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Meet Dawson County Schools' new superintendent: Q-and-A with Nicole LeCave
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Dawson County Schools Superintendent Nicole LeCave interacts with students during Camp Invention at Dawson County Junior High School. - photo by Erica Jones

Dawson County Schools’ new superintendent, Nicole LeCave, officially stepped into her new role following previous superintendent Damon Gibbs’ retirement in May. 

Since then, she has been hard at work working with her team and staff to prepare the school system to go back to school this fall. The Dawson County News sat down with LeCave to discuss her goals and several important focuses for her first year as superintendent. 

The story continues below.

History and background

LeCave has been employed by Dawson County Schools since 1998, and 14 of those 24 years have been in administrative leadership positions. She has served as a teacher, assistant principal of curriculum and discipline, district-level coordinator, director for teaching and learning, and assistant superintendent, and her most recent role was serving as the Deputy Superintendent beginning in 2020. 

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Dawson County Schools Superintendent Nicole LeCave interacts with students during Camp Invention at Dawson County Junior High School. - photo by Erica Jones

LeCave holds an undergraduate degree in middle grades education, a master’s degree in curriculum and instructional supervision and an educational leadership certification from the University of North Georgia, which she earned by completing the Georgia Leadership Institute for School Improvement (GLISI) Rising Stars Future Leaders Performance-Based Program. She is currently pursuing a doctoral degree in educational law from Liberty University. 

LeCave has been married to her husband Sean, a 27-year veteran of the United States Marines, for 20 years. Together they have four adult sons and a daughter who will graduate from Dawson County Schools in 2024. 

LeCave said that she loves working in the Dawson County School System, and that she couldn’t picture working in another district. 

“I’ve worked my whole career here; people ask me all the time ‘why don’t you want to go anywhere else’ and honestly I can’t imagine working anywhere else,” LeCave said. “I’ve built a lot of relationships here, we have a great staff, and I think the best thing about Dawson County is just the community and the parent support that we get; that's not true other places.” 

Goals as the new superintendent 

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Dawson County Schools Superintendent Nicole LeCave interacts with students during Camp Invention at Dawson County Junior High School. - photo by Erica Jones

In her new role as the superintendent, LeCave said that her first goal is to keep working toward the goals that were set forth by the district’s strategic plan, which was written in 2020.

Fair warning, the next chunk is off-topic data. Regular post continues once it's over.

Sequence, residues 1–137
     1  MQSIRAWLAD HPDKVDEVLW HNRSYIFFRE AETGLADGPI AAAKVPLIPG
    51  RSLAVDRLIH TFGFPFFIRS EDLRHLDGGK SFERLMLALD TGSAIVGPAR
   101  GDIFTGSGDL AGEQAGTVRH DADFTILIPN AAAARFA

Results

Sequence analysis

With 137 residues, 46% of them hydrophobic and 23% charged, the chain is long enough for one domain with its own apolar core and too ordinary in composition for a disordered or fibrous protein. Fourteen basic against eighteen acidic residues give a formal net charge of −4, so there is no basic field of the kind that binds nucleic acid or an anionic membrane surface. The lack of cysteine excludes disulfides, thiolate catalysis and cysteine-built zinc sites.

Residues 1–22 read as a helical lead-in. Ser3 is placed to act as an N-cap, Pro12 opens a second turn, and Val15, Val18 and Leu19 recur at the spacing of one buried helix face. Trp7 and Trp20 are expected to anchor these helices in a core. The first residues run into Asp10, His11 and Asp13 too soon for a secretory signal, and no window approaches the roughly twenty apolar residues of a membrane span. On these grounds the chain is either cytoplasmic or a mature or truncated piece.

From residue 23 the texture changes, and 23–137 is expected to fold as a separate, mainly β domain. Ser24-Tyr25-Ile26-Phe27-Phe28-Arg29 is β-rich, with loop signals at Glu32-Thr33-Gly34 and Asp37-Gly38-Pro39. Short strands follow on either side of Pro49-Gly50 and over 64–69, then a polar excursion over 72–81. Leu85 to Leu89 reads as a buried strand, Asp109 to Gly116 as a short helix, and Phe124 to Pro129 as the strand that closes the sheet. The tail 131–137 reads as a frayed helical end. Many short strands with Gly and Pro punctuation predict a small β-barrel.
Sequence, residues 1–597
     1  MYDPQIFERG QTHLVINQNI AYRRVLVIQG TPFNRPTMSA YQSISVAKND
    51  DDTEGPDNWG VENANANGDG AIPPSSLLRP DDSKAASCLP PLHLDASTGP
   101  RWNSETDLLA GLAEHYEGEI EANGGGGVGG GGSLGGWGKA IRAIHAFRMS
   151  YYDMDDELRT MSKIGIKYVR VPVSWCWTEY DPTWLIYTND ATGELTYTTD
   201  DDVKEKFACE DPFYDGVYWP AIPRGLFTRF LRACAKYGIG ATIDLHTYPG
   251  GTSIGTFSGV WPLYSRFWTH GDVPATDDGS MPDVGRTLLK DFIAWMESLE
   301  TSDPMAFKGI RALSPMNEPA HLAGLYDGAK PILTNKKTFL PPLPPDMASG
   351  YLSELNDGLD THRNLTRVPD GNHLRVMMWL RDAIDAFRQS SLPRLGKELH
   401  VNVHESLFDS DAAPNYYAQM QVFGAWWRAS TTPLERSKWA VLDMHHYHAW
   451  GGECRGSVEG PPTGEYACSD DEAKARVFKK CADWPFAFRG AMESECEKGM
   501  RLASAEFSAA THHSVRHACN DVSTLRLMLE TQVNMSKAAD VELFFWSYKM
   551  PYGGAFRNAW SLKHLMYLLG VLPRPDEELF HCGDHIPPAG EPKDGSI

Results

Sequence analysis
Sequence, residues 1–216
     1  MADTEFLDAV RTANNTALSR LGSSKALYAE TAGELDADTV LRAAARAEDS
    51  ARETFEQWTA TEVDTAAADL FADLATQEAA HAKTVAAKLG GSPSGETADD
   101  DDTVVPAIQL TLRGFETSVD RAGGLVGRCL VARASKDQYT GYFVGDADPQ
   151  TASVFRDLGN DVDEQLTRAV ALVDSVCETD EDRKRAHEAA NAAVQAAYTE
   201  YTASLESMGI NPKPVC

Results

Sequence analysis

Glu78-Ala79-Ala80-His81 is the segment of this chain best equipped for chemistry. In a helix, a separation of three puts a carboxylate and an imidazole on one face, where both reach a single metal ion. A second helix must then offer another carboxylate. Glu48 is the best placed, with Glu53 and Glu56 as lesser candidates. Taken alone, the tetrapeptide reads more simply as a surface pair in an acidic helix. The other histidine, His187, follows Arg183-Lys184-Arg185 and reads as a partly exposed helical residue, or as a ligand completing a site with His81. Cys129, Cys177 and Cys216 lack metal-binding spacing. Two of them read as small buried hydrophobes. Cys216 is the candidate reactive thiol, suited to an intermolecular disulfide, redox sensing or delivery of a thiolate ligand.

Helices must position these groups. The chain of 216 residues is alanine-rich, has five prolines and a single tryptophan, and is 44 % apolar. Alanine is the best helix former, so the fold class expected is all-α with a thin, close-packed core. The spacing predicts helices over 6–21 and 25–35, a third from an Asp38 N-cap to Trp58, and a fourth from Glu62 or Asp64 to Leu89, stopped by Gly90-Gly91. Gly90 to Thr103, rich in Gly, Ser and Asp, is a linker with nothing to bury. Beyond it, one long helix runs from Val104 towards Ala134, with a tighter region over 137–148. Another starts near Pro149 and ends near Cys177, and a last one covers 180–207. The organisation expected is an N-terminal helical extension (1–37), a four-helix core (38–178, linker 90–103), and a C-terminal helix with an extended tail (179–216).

“We wrote our strategic plan back in 2020 and we partnered with the community and our parents, our business partners and postsecondary partners, and when we did that process we rewrote our district motto so it’s ‘1Dawson, Excellence Together’,’ LeCave said. "I’ve spent the spring pretty much meeting with our stakeholder groups, our governance councils, our parent cabinet, and really trying to just share with them my focus of staying true to our strategic plan; we did get a lot of feedback and input so I want to make sure as a district that we are reaching toward the goals in that plan.” 

In her previous role as Deputy Superintendent, LeCave was instrumental in the work that has been done so far to reach those goals set forward in the strategic plan. Now as the superintendent, she said that she believes in those goals just as strongly as she did before. 

“I was a part of that work, I believe in that work, I also feel like coming off of the last two years with Covid we have asked a lot of our staff and our teachers so I feel like providing them with some consistency and really staying the course of the work that we’re doing,” LeCave said. “The goals are still relevant and we feel like we’re working on the right work, so I don’t feel the need as an incoming superintendent to overhaul that. My immediate goals would be to make sure that we’re staying aligned to that strategic plan.” 

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Dawson County Schools Superintendent Nicole LeCave interacts with students during Camp Invention at Dawson County Junior High School. - photo by Erica Jones

This year, LeCave also plans to expand parent and teacher forums in order to continue encouraging feedback, and to create a student advisory council to get valuable feedback from the students. All of this, she said, is aimed toward upholding the school system’s transparency and allowing students, parents and teachers alike to have a voice. 

“I thrive on feedback, I ask for a lot of it and some people see that as a fault, but I feel like it’s really important to be a great listener especially in a role where you impact so many teachers’ and students’ lives, so I will continue that as well,’ LeCave said. 

School safety

With current events in the news, safety in the schools is another issue that is very prevalent in social media and community forums. As the superintendent, LeCave said that safety is her top priority and the most important step in cultivating the best possible learning environment for the students. 

“You can’t do anything if our students and staff don’t feel safe and secure,” LeCave said. “We’re not doing school safety in response to something tragic that happens; every single day that we come to work here our principals and our teachers keep our kids safe, so part of our continuous improvement process is training, tabletops, drills — all of those things are things that the school district does on a regular basis.”